The Port of Morrow (the Port) is a port district located in Morrow County, Oregon. The Port has the legal authority to own and issue bonds to fund transmission assets throughout the region. This right was validated by a court opinion sought by the Port in March 2012, prior to the first lease transaction executed with Bonneville. According to the terms of three lease agreements between the Port of Morrow and Bonneville, Bonneville makes unconditional lease payments directly to the trustee (the Port has assigned the lease revenues to the trustee) that are equal to debt service on three series of outstanding bonds, including the proposed series 2015 bonds. Bonneville retains operational control of the transmission assets.
Bonneville is the largest of the regional federal power marketing agencies within the Department of Energy. Bonneville accounts for approximately 28% of the electricity consumed and 75% of the transmission infrastructure in the region. The majority of Bonneville's revenues are provided by power operations. Transmission revenues accounted for 26% of operating revenues in fiscal 2014.
BONNEVILLE'S RATING NOT BASED ON DIRECT FEDERAL SUPPORT
Fitch's ratings on Bonneville's implied revenue obligations and the related ENW, Port of Morrow, and Lewis County Public Utility District (PUD) No. 1 bonds reflect the credit quality of the administration as a self-supporting entity. Bonneville's subordinate obligations to the U.S. Treasury offer a layer of structural support, in that Bonneville may defer payment to the Treasury, if necessary, which could provide flexibility to the payment obligations ahead of Treasury, but Fitch's rating reflects the expected timely repayment on all obligations. While a linkage with the federal government exists in the form of governance by the DOE, appointment of the administrator, congressional approval on Bonneville's budget, and the banking and lending relationship with Treasury, the rating reflects Bonneville's ability to repay its obligations from ongoing revenues.
REGIONAL COOPERATION DEBT
Bonneville and Energy Northwest have agreed to a regional cooperation debt plan that will extend maturities of ENW debt (Columbia Generating Station and Projects 1&3) and use the revenues made available from lower debt service costs on those projects to prepay higher interest rate debt to the U.S. Treasury). While this effectively accelerates payment of Bonneville's subordinate lien obligations by extending the senior ENW bond maturity, it provides additional federal borrowing capacity and provides economic benefit to preference customers.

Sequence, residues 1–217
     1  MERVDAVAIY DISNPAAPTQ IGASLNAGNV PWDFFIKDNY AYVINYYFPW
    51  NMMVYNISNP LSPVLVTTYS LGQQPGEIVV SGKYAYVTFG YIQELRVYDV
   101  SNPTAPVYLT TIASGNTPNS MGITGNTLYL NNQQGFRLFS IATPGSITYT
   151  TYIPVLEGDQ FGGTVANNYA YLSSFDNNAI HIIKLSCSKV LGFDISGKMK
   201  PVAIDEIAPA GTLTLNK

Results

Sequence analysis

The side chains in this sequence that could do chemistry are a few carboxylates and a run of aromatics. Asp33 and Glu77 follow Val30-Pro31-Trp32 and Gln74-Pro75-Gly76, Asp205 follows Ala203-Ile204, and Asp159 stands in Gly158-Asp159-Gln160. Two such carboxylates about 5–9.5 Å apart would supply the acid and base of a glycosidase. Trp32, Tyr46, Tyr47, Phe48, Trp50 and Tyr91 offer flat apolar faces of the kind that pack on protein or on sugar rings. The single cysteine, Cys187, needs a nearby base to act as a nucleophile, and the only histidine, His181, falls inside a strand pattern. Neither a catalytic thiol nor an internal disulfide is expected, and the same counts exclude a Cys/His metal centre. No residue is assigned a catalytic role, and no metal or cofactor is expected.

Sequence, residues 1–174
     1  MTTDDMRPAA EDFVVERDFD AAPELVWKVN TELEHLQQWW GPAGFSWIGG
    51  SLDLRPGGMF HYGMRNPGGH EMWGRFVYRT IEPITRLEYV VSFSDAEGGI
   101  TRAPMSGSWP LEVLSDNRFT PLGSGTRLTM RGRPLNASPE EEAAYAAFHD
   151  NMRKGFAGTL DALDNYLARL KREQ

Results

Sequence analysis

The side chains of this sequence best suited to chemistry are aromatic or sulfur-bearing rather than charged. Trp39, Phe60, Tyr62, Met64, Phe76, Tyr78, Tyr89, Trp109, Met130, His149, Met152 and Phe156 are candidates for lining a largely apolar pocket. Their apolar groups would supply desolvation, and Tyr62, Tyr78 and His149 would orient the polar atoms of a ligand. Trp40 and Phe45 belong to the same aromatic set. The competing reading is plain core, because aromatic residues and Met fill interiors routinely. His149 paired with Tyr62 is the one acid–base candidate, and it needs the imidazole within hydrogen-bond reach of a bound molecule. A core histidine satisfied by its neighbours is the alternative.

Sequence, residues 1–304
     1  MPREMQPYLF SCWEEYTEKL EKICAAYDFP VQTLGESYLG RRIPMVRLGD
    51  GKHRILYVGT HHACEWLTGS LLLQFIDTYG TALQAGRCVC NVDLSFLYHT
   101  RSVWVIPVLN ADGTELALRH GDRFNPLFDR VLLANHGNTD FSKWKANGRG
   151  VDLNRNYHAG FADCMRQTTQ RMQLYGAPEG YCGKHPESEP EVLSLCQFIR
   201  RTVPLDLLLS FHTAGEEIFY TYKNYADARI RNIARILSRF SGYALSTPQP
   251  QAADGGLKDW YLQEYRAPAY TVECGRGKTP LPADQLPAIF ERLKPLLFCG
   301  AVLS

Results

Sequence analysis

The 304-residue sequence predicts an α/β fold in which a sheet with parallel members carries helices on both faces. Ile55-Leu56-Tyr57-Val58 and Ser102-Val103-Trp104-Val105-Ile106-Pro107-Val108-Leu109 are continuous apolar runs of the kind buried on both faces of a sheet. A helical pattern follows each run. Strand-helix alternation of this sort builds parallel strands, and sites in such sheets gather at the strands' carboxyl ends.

SUFFICIENT POWER SUPPLIES; RELIANCE ON NET SECONDARY REVENUES
Bonneville is statutorily required to provide power to preference customers in the region. Bonneville currently makes power sales to preference customers under 20-year contracts that became effective in fiscal 2012. The contracts limit Bonneville's role as a regional provider to the allocation of the existing federal system (predominantly hydro-electric generation but including the Columbia Generating Station) at cost-based rates.
For operational planning purposes, Bonneville uses an assumption of water conditions below the 30-year average, referred to as critical water. Bonneville estimates the total federal system will produce 8,136 aMW of firm energy under low (or critical) water conditions in fiscal 2016. This represents the amount of firm energy (Tier 1) Bonneville plans to have available to divide among its preference customers, with an estimated demand in fiscal 2016 of 6,981 aMW. Bonneville's other power sales include small amounts to federal agencies in the region and direct service industrial customers. The remaining capacity can be sold into the market.